Setting the Stage for Success
Southeastern music graduate thrives in New York City
Wednesday, November 12, 2014
Alumna Emily Stokes has proven that a degree from Southeastern can take you where you want to go. From a child singing into a hairbrush for family and friends, to a grown woman making a living in New York City as a singer, actress and model, Stokes is putting her degree to good use.
Originally from Covington, Stokes began taking private voice lessons from Scharmal Schrock, a former member of the university's music faculty, before attending Southeastern.
"Not only did Scharmal possess a great knowledge about the voice, but she also had the ability to read a student and provide guidance in a way that allowed her students to not only grow as musicians, but to become better human beings," Stokes said. "I could not turn down the opportunity to continue working with this woman. Because of the training I'd already had, my audition awarded me the opportunity to attend Southeastern on scholarship."
Stokes remembers her time at Southeastern fondly, calling the university Louisiana's best kept secret. Even though it is the third-largest university in the state, she credits Southeastern's seemingly smaller size as part of her success: it was small enough that she was offered great opportunities, and it was a safe place to experiment with ideas and learn valuable life lessons before entering into the professional world. And, she added, it was affordable.
"Because the music department was smaller, my hard work was awarded with lead roles in productions and solos in choral concerts," Stokes said. "Experience is the key in learning, and without these experiences, I wouldn't be the actress and singer I am today. If I had chosen a larger school, I may have spent much of my time working only in the classroom setting, and I'd have probably left with more debt."
Chuck Effler, director of Southeastern's Opera/Music Theatre Workshop, remembers Stokes well.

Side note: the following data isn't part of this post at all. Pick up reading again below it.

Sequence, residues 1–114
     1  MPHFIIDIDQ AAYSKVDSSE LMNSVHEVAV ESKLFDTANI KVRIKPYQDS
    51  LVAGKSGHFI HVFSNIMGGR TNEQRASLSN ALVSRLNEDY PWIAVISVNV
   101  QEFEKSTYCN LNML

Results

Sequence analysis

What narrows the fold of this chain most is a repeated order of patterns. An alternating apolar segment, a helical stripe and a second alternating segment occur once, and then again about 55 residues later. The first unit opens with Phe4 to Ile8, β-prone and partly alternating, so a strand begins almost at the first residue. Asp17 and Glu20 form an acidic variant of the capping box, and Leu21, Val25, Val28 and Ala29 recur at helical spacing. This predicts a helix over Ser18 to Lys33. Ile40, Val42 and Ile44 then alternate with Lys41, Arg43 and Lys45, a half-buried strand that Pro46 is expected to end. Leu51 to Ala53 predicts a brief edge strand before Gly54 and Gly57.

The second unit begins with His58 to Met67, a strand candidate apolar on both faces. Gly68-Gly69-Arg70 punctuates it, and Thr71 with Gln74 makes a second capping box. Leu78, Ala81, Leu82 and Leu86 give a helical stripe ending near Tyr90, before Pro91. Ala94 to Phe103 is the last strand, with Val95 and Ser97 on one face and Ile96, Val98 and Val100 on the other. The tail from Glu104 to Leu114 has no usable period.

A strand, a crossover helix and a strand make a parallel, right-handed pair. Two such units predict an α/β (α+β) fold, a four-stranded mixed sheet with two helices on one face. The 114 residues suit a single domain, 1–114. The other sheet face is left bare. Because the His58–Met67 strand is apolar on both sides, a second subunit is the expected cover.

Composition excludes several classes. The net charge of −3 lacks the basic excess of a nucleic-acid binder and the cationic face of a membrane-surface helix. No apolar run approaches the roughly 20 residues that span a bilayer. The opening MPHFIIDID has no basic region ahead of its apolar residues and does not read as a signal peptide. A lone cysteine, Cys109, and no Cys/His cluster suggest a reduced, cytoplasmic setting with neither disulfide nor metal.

"Emily was one of those students who was a joy to work with," he said. "She was always prepared, always ready to work, and always gave 100 percent in every rehearsal."
Southeastern also offered a variety of classes, as well as experiences, Stokes added. Since she took classes within the honors college and the music department, as well as worked in the drop-in math tutoring lab, she had the opportunity to meet a variety of people with various cultural and social backgrounds.
"I continuously interacted with people similar and dissimilar to myself and learned how to communicate, find common ground and create relationships," she recalled. "I think that alone is such a valuable life skill, and I have Southeastern to thank for that."
Emily Stokes graduated from Southeastern's music program in 2007
After graduating from Southeastern in 2007 with a bachelor of music degree, Stokes attended graduate school at Indiana University's Jacobs School of Music, where she earned a Masters of Music in Vocal Performance with a secondary emphasis in Theatre and Dance.
Soon after, she was hired by a theatre in Atlanta to play Marian in a production of The Music Man, and she lived in Atlanta for a few months. While there, she continued to take courses in theatre and film.
She eventually returned to Indiana for a half semester to take a Shakespeare intensive, auditioned for some opera companies and then decided New York City was the next step.
Since childhood, Stokes has always enjoyed storytelling. She recalls persuading, or "conning," her four male cousins to serve as backup singers to her performances at family gatherings or playing various roles in fairytales.
"I am very fortunate to have a mother who allowed me to entertain this creative side as a child. Something about breaking down a story and breathing life into it always fascinated me," she said. "I also enjoyed math and music, so piano and voice lessons were a weekly occurrence.
"I can't say I chose to pursue a career in the arts. Like most people I know in this industry, the career chose me."
Headline photo: Stokes appears with fellow student Scott McDonough in a performance of Too Many Sopranos